WHO to receive more than 2 billion tablets as contribution to help eliminate lymphatic filariasis
The World Health Organization (WHO) today signed a statement of intent with the pharmaceutical company Eisai Co., Ltd. for the supply of up to 2.2 billion tablets of an anti-filarial medicine, diethylcarbamazine (DEC). This medicine will be distributed free of charge with albendazole to help interrupt transmission of lymphatic filariasis, also known as elephantiasis. Lymphatic filariasis puts more than one billion people in poor countries at risk of infection.
In the statement of intent, Eisai agreed to produce and supply to the WHO free of charge up to 2.2 billion 100 mg tablets of diethylcarbamazine (generic name, “DEC”), a medicine used to treat lymphatic filariasis, in accordance with the high quality standards of WHO, over a six year period between 2012 and 2017. The production of the medicine is planned at Eisai’s Vizag Plant in India. Eisai is working with WHO to finalize details of this program with the aim to execute an official contract with WHO in the near future.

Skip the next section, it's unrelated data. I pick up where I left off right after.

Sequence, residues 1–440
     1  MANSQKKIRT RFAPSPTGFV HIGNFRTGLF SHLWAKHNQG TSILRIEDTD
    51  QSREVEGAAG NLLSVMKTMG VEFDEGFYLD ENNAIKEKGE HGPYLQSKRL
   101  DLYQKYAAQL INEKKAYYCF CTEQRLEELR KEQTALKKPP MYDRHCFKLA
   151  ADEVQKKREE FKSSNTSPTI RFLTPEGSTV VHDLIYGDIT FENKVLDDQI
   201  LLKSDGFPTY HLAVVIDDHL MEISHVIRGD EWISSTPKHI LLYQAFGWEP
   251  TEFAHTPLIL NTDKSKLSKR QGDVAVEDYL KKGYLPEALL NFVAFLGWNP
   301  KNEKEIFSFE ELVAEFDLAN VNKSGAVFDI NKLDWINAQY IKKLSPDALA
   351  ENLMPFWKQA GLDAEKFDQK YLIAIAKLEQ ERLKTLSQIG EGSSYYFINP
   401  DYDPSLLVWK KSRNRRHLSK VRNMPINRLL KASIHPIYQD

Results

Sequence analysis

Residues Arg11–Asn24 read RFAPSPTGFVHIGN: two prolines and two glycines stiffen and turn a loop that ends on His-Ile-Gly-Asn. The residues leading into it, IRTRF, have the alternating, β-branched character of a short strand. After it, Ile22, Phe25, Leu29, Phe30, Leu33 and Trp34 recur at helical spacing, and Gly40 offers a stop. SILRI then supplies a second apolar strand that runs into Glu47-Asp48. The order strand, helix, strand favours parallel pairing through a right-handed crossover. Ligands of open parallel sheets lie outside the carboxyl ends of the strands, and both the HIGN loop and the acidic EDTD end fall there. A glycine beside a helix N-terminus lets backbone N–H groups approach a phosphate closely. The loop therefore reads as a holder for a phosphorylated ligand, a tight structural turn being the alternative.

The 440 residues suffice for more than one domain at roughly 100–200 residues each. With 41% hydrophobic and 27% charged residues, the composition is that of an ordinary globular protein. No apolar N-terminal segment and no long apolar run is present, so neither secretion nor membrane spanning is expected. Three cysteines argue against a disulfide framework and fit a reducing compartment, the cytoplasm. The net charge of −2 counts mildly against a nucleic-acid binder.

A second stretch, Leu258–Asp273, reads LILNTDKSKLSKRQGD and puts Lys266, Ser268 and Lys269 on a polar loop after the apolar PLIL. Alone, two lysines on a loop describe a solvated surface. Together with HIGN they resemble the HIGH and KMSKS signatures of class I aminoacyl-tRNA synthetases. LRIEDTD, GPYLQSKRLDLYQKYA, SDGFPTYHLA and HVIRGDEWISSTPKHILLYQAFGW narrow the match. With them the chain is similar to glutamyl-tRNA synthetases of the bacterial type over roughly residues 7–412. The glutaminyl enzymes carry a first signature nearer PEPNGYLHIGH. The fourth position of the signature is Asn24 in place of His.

"… Eisai's commitment to provide DEC greatly improves prospects for interrupting the transmission of lymphatic filariasis … "
" … This contribution will eventually close the gap in drug availability, particularly for poor countries where most cases of this disease occur and the burden on health and society is greatest."
Lymphatic filariasis is acquired mostly in childhood, but remains silent for a long time after infection. More than one billion people, most of whom are the world’s poorest, are at risk of infection. It causes more than 120 million infections globally, with over 40 million people affected with clinical disease.
The impact of the disease is devastating and can cause significant pain, lost productivity and discrimination. WHO's Global Programme to Eliminate Lymphatic Filariasis (GPELF) launch in 2000 targets the elimination of the disease as a public health problem by 2020.
Annual mass chemotherapy with a combination of albendazole and DEC (in areas without onchocerciasis) or that of albendazole and ivermectin (in areas with onchocerciasis) for five to six years in endemic areas is expected to interrupt transmission. Since 2000, the GPELF has delivered 2.45 billion treatments to people in filariasis-endemic areas. A critical operational priority for the GPELF is to ensure the availability of quality-assured DEC for use in about 40 endemic countries.